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Lakers Trade a No. 1 to Find a No. 2 : L.A. Gets Mychal Thompson in Exchange for Picks, Players

February 14, 1987|GORDON EDES | Times Staff Writer

Laker General Manager Jerry West wanted Mychal Thompson so badly, he was willing to play a $500,000 game of golf against San Antonio Spur owner Angelo Drossos.

That's how much money Drossos at one point had said he wanted the Lakers to kick in for Thompson. West suggested--kiddingly he says now--that they play golf for the money.

In the end, West--who is a 2 handicapper--didn't have to reach for his 9-iron to complete the deal. On Friday, after more than a month of negotiations, the Lakers finally acquired Thompson, the big man they had coveted as a backup for--and short-term successor to--Kareem Abdul-Jabbar, from the Spurs.

"Mychal Thompson is more than a role player," Laker Coach Pat Riley said. "He's a front-line player. He's a shooter who can fit right into the low-post offense we run for Kareem.

"He's also an excellent defensive player, he's very strong and smart and a fine passer. He's not a one-dimensional player.

"But any talk that this (trade) is going to guarantee something . . . people are making a big mistake."

To get him, the Lakers sent their No. 1 draft pick this season, their No. 2 pick in 1990, two reserves--Frank Brickowski and Petur Gudmundsson--and an undisclosed amount of cash to the Spurs.

Thompson, who was the first player taken in the 1978 draft, is expected to arrive here late tonight and there's a chance he will be in uniform for Sunday's game with the Boston Celtics.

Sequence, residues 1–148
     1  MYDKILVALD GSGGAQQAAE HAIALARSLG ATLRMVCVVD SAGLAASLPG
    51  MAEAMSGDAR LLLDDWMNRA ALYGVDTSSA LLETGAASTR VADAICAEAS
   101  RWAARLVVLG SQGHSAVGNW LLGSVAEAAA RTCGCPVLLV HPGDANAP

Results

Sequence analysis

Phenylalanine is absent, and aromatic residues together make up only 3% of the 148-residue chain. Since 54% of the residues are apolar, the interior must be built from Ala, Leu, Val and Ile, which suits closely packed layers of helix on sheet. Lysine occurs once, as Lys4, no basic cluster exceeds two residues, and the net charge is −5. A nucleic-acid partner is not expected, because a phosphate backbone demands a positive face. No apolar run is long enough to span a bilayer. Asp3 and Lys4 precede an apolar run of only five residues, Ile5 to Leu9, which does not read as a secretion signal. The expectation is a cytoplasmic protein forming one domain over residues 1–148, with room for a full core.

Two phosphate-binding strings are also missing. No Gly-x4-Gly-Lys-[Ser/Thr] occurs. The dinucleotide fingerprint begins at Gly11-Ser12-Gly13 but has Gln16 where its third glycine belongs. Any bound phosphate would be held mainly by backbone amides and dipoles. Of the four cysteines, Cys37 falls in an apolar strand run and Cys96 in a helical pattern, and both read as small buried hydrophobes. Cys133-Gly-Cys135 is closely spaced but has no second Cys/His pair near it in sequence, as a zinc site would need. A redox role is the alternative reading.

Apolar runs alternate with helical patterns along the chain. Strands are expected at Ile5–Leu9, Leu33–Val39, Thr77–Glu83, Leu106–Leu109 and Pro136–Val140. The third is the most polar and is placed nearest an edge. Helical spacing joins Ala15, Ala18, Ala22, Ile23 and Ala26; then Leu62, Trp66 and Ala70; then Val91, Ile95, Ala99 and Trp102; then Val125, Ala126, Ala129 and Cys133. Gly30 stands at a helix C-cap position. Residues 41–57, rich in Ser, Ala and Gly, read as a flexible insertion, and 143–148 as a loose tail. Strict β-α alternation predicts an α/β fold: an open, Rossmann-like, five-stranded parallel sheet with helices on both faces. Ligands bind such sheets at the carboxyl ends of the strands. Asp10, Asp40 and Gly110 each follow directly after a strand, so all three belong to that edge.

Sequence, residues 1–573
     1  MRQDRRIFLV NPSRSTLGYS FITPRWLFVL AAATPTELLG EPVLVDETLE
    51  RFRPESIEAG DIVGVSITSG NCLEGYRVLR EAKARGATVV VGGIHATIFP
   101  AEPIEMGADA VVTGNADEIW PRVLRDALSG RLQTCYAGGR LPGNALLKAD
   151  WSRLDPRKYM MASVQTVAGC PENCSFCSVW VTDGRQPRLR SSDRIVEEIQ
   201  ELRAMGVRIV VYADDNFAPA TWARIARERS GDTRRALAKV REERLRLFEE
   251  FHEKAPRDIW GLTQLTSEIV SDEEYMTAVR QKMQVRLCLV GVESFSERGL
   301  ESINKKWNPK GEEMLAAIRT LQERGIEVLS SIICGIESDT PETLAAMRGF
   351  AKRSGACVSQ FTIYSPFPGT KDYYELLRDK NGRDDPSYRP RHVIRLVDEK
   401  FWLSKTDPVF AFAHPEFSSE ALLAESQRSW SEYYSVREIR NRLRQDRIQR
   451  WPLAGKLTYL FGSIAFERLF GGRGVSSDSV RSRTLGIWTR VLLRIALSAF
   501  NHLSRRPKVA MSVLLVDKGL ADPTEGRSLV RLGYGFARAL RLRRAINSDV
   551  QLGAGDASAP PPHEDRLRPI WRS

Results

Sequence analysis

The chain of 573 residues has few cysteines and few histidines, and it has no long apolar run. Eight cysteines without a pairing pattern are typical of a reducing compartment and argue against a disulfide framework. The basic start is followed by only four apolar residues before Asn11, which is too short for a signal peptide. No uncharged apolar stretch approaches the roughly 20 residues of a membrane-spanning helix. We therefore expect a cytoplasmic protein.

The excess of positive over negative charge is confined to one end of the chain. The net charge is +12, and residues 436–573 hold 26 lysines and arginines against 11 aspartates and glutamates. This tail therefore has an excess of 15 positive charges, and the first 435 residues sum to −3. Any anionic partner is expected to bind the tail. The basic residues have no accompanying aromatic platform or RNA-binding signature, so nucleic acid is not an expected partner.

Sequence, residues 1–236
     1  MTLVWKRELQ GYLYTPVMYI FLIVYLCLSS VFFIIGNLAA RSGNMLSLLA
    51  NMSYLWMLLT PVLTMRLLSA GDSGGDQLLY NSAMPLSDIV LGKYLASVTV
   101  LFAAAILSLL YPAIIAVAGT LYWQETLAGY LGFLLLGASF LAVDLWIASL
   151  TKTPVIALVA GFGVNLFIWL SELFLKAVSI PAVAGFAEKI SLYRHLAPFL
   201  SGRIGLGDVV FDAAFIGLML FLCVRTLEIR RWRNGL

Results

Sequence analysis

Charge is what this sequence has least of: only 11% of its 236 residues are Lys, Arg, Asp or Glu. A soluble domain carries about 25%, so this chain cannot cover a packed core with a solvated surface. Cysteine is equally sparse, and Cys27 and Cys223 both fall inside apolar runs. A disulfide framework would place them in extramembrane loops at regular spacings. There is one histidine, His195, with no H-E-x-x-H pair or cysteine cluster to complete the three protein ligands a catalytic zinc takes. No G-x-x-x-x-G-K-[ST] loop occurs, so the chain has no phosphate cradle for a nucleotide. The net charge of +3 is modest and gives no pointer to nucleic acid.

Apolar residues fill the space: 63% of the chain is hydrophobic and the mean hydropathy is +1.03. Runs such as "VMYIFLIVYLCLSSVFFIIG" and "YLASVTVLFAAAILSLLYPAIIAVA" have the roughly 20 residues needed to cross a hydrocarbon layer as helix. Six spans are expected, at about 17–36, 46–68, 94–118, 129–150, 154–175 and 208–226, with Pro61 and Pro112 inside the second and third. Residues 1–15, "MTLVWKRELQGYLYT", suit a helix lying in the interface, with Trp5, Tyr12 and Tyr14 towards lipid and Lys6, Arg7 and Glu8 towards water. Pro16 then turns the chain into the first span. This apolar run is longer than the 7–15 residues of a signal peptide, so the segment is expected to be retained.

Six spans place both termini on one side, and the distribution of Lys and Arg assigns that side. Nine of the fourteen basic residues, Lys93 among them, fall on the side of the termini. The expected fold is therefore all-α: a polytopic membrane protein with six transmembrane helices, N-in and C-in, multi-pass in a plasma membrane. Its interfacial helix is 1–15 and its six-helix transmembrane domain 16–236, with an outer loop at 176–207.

How excited are the Lakers at the addition of Thompson? When team publicist Josh Rosenfeld requested Thompson's statistics from the Spurs, he asked for Thompson's ring size.

"From a fan's perspective, this gives them something else to hang their hopes on," West said. "And it gives us a versatile player who gives us some scoring inside from the bench.

"He's a smart player, strong, he can run the floor and catch the ball and score inside."

Thompson, 32, played seven seasons for the Portland Trail Blazers before being traded to the Spurs last June. He also sat out one season--1979-80 with a broken left leg.

Indiana Coach Jack Ramsay, who was Thompson's coach in Portland, said the Lakers had helped themselves considerably.

"He's a good defender against (Boston's) Kevin McHale," Ramsay said, "and for that reason alone it's important.

"I don't think they needed anyone to score more. What they needed was someone to give backup minutes to Kareem."

He averaged 16.7 points and 8.9 rebounds a game with the Trail Blazers, numbers that he did not approach with the Spurs, who primarily used him as a backup to Artis Gilmore.

In 49 games with San Antonio, Thompson averaged 12.3 points and 5.9 rebounds. He, too, had heard the rumors that he was bound for Los Angeles, a deal he said Friday was overdue--by about nine years.

"It's like a dream come true . . . only it happened nine years later than I hoped for," said Thompson, who learned of the trade when he arrived at the HemisFair Arena before Friday night's game with the Clippers.

"When I was in college (University of Minnesota), I always dreamed of playing with the Lakers."

Thompson, who is 6-10 and 235 pounds, said it wouldn't take long for him to get acclimated.

"Give me a game," he said in a conference call with L.A. reporters. "I've always been a quick learner. I pride myself in being a student of the game."

How much did the Lakers give up? A low first-round pick in what will be the worst draft in years, according to most observers, and a No. 2 three years away. Also, Brickowski, who obviously was not the answer as Abdul-Jabbar's fill-in, and the 7-2 Gudmundsson, who might have been until undergoing back surgery in November.

"We're committed to making our team younger," San Antonio General Manager Bob Bass said in a radio interview. "Right now, the Lakers look like they got the better of the deal.

"I'm sure (Thompson) will help the Lakers. He'll probably fit right in with that team."

He'll be nice to have around, too, when Abdul-Jabbar--who will be 40 in April--retires.

"He'll buy us some time," West said.

Abdul-Jabbar was cautious in his assessment of the trade.

"I'm hoping he's going to help us," Abdul-Jabbar said, "but through my many years in this league, I've found out discretion is the best part. Everything is proven on the court."

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